Marie Pytharas would become an important figure in the anti-asbestos movement. She opened the conference with an account of the campaign she had led on the Loughborough estate in south London, after residents had discovered that their flats contained large amounts of asbestos. The estate had been built between 1954 and 1957 by the London County Council. With its mix of low- and high-rise blocks and its tree-lined open spaces, its design had justifiably drawn praise. But in 1979 the Lambeth Environmental Health Department and local councillors called the estate’s Tenants’ Association to a secret meeting—they revealed that the infill panels beneath the windows contained an especially dangerous type of asbestos called crocidolite. They proposed covering the panels with waterproof plywood, but many had already been damaged, potentially releasing millions of fibres.
Pytharas recounted how, faced with “an old type [tenants’ association] who hobnobbed with councillors” and were downplaying the risks, she and several others had formed an independent asbestos action group. They contacted Nancy Tait, Alan Dalton, and Shelter for advice and guidance. “We went to every Council Committee and started to wear them down,” Pytharas recounted. The Council eventually agreed to their demands, but the group still had to fight for the asbestos to be removed when the flats were empty and for the Council to use unionised and properly trained workers to do it.
After Pytharas’ introduction and a presentation from an environmental health officer on safe asbestos removal, there were many successes, as well as significant challenges to share. The rest of the conference comprised workshops on making effective demands and the tactics to achieve them, the roles of tenants’ groups and trade unions, and the relationship between local and national action.
In the final session, participants discussed the general demands for a national campaign, eventually agreeing on three: an admission from the government that all asbestos is deadly (the industry was pushing the theory that only certain types were dangerous, a tactic it continues to use to market the material in the Global South); a ban on its import, manufacture, and use; and government funding to enable local authorities to safely remove as much of it as possible. A working party was formed—this would soon become the People’s Asbestos Action Campaign.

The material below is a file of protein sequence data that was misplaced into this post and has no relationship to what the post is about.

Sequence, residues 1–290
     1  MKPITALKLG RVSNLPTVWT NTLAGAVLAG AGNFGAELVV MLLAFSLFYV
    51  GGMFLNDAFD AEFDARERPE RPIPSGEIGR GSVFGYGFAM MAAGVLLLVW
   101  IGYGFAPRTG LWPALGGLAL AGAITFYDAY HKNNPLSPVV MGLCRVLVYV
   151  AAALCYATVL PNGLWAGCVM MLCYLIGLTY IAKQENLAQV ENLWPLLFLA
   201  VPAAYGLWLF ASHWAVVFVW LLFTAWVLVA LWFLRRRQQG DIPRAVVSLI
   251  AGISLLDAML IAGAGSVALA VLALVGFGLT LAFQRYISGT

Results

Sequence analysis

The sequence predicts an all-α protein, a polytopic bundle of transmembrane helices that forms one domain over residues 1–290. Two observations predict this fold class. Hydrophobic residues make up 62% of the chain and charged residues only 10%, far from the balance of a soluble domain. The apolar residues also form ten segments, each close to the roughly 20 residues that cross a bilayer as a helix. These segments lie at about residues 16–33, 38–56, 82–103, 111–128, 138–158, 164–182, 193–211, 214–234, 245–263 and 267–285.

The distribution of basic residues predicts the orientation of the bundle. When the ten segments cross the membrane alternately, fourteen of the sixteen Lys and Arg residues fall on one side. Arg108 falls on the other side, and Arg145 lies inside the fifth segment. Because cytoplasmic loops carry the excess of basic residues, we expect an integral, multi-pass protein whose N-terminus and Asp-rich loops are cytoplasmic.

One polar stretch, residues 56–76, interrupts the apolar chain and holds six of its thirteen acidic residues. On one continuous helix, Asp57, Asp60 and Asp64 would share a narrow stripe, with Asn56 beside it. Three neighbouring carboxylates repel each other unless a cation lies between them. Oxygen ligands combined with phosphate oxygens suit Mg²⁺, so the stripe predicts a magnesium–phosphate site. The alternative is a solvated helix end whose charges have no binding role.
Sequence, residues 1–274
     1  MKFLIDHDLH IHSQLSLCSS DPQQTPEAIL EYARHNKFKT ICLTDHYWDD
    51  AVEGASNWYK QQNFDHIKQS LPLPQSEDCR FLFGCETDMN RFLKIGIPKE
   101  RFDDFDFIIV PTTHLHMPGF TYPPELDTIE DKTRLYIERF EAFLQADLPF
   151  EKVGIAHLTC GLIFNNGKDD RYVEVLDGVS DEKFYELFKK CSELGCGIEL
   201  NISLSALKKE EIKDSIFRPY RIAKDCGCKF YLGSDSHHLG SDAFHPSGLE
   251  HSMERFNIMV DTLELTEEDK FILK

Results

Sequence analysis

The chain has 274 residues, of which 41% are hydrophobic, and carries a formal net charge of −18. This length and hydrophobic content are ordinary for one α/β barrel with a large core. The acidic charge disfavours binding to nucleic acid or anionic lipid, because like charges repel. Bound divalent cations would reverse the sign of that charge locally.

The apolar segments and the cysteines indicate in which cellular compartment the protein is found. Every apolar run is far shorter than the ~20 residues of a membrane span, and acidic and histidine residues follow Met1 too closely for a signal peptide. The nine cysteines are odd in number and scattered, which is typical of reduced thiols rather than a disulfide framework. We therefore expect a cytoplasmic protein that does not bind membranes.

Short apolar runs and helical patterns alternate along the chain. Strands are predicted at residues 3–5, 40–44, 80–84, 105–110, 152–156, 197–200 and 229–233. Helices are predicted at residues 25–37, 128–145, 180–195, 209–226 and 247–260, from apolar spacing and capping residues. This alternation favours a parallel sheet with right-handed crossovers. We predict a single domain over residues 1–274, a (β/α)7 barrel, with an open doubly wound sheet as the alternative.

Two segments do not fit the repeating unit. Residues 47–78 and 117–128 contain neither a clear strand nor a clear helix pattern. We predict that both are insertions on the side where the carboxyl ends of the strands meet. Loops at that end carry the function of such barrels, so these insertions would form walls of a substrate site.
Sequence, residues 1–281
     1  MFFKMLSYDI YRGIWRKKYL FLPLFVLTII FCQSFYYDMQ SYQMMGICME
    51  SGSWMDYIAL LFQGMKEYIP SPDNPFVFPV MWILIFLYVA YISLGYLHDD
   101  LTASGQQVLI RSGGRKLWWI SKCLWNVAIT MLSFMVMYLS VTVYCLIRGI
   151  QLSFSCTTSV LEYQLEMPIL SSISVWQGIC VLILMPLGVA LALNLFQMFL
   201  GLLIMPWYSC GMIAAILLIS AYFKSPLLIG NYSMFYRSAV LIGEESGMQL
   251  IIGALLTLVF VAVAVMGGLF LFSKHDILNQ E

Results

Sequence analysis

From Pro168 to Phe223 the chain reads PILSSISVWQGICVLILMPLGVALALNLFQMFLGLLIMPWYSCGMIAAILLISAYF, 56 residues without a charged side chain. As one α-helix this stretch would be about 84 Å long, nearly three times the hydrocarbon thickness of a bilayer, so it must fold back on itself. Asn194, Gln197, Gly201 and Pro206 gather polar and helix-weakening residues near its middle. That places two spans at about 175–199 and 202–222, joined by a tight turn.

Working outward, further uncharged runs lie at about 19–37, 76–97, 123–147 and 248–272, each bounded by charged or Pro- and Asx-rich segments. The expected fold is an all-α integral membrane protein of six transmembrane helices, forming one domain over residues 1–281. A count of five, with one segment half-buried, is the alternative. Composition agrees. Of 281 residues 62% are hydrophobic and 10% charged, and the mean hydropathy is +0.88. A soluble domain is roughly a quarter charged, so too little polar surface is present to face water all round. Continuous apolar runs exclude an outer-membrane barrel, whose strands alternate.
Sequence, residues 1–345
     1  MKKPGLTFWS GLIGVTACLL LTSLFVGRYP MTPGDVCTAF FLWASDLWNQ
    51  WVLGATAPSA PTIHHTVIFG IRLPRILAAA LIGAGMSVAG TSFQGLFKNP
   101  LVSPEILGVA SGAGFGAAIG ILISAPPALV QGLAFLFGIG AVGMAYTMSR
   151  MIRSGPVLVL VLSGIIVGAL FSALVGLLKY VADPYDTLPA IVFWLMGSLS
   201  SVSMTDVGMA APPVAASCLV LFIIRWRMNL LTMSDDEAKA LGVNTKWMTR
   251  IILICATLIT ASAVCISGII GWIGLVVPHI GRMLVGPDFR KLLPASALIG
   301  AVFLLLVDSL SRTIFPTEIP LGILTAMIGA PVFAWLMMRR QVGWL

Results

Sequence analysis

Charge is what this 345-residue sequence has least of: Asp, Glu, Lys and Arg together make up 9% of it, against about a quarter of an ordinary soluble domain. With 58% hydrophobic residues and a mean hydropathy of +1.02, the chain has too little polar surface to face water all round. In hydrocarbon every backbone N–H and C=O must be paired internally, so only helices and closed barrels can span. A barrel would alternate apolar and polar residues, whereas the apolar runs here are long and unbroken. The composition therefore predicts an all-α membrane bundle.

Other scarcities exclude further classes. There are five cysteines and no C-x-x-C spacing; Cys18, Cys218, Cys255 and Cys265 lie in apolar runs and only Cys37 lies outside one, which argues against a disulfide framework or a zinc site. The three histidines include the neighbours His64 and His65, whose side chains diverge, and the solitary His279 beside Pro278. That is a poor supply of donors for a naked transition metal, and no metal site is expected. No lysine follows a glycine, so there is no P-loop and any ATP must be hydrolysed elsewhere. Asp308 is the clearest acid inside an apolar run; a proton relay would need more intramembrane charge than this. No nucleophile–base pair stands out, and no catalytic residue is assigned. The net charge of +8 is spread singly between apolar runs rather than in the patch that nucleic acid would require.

The conference then closed with two acknowledgements that placed the asbestos issue in a broader context. The first was that “asbestos was just one of many serious defects affecting council housing, all of which needed a massive input of resources from government to protect the health and conditions of tenants.” The second was that for the thousands of homeless people in the country, “government finance was needed to meet their basic right to a permanent home.”
The timing of the Nottingham conference was auspicious. By 1983, it was clear that the British asbestos industry was already in terminal decline. From a peak in the early 1970s, demand had fallen sharply. This was due in part to growing safety concerns and the availability of substitute materials but was mostly driven by the steady decline of industrial manufacturing—by the early 80s the industrial markets for asbestos products were a fraction of their former size. Alice had hastened its demise, but the writing was already on the wall.
By bringing together a varied cast of campaigners, activists, and trade unionists, the nascent anti-asbestos movement highlighted the connections between workers’ rights and public health. The movement would need all the energy and expertise it could muster, given the broader political context. Underpinning the conference was a general understanding that tackling the asbestos disaster required strict environmental and occupational health regulations, well-trained and unionised removal workers, and properly resourced local authorities, all underwritten by a commitment toward environmental protections, public health, decent social housing, and the very idea of the public realm. In other words, precisely the things that Margaret Thatcher, who had recently begun her second term as Prime Minister, was committed to undermining and dismantling.
The anti-asbestos movement lobbied tirelessly for a national ban, and many groups turned towards the difficult and time-consuming task of supporting victims and their families with benefits claims and compensation cases against the employers who had knowingly exposed them to harm. It would take until 1999 for the material to be banned in the UK. There is still no coordinated plan for its removal from homes, workplaces, and public buildings. The charity Mesothelioma UK estimates that 94 per cent of hospitals and 80 per cent of schools in the UK contain asbestos, along with tens of thousands of buildings owned by local councils. The recent controversy over the dangers of reinforced autoclaved aerated concrete (RAAC) in schools and other public buildings brought asbestos into the news once again. RAAC does not contain asbestos, but there are concerns that repairing it could disturb the material. Forty years on from the first national tenants’ and trades union conference, the asbestos disaster is far from over.